“Come now, let us reason together,” says the LORD.
Promises and precursors of Christ’s sacrifice thread through the Old Testament, from Genesis to Malachi. In Isaiah, though, they weave together into the Bible’s most dazzling prophetic tapestry. Stepping back from its arresting imagery reveals its central theme: God’s redemptive masterpiece is unlike anything the world’s seen or He’s done. “See, I am doing a new thing! Now it springs up; do you not perceive it?” He whispers in Isaiah 43.19. Indisputably, this is His breakthrough work—nothing after it can be the same. We’re eager to know what inspired His achievement, what went into His process, and how He began. Answers hide in plain sight throughout Isaiah, starting in very first chapter.
A Fresh Pattern
Rather than destroying the lackluster results He got using us as His medium of expression—as He intended to do with the Flood—God unravels everything He’s done thus far to correct warps caused by our stubborn disregard. Isaiah 1.2 and 3 quotes Him saying, “I reared children and brought them up, but they have rebelled against me. The ox knows his master, the donkey his owner’s manger, but Israel does not know, my people do not understand.” From there, He and Isaiah alternate in seething frustration over our unwillingness to yield to God’s intentions. Regardless how often He revises His approach to accommodate our weaknesses, we still manage to distort His original vision,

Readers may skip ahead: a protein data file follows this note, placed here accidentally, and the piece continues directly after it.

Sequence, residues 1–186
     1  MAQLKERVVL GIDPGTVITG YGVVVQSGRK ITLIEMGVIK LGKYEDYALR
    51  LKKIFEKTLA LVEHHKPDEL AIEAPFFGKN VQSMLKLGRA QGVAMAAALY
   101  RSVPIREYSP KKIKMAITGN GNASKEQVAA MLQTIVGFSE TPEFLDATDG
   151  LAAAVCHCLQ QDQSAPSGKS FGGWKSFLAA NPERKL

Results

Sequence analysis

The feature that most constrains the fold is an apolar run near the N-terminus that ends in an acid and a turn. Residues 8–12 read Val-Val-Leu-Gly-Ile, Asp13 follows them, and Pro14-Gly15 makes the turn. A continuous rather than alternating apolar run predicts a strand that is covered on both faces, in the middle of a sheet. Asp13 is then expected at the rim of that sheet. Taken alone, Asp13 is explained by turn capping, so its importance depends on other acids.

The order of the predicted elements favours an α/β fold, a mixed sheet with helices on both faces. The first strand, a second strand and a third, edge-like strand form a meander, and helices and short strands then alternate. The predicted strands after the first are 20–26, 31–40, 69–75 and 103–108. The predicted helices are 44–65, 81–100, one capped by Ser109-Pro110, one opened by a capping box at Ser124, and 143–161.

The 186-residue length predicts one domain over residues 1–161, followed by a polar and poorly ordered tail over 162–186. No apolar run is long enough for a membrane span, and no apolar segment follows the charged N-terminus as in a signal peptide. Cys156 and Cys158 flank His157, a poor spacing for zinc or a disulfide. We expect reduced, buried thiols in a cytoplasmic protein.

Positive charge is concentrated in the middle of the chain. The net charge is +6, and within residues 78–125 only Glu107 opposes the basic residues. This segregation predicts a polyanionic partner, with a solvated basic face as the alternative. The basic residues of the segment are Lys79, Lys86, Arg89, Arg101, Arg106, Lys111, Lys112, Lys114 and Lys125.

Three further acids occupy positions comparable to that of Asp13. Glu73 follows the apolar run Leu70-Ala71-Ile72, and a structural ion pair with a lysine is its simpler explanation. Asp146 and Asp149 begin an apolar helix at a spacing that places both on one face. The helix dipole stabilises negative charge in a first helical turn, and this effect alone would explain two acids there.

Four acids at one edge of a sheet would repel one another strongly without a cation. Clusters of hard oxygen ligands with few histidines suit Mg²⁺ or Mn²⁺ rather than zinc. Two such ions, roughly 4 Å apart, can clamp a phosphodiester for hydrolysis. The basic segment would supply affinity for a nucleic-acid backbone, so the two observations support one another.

After the Eden follies stripped us of divine health and provision, God smoothed that wrinkle as our Healer and Provider. Though He refused to turn from us, Isaiah 1.4 charges we turned on Him. For that we suffered from head to toe and lost everything God gave us. Once more, He ironed things out with a slate of demands to strengthen our fiber. But we got strung out on appearances. We perverted obedient worship into a “God’s Top Model” competition. “Stop bringing me meaningless offerings!” He rages in verse 13. “I cannot bear your evil assemblies.” He orders us off the catwalk and back to basics in verse 17. “Learn to do right! Seek justice, encourage the oppressed. Defend the cause of the fatherless, plead the case of the widow.” Listen closely and you’ll hear God sigh between verses 17 and 18. Three attempts and, still, He’s displeased. Instead of throwing us away, He throws out His previous template based on our pliability for a fresh pattern shaped to fit His love.
As an exasperated sculptor talks to her clay, God says to us, “OK, let’s talk. Let’s be reasonable about this. What I wanted to do with you, you won’t do. So I’m starting over with a new pattern and emphasis that requires changing the color scheme. I’m removing the stains of guilt to restore your true colors of innocence. ‘Though your sins are like scarlet, they shall be white as snow; though they are red as crimson, they shall be like wool.’”
Each of us is a critical thread in God’s tapestry, tied directly to His Self-portrait of love and acceptance through Jesus. His new pattern corrects everything that distorts His original vision: our sin, self-righteousness, and neglect. All He asks is we be reasonable and submit to His cleansing. In Psalm 51.7, David prays, “Wash me, and I will be whiter than snow.” That’s our only legitimate response when God says, “Let’s talk.” Hearing that, He changes our lives and weaves them into His breakthrough masterpiece of redemption.
God cleanses us to weave us into His masterpiece of redemption.
(Tomorrow: The Lord’s Day)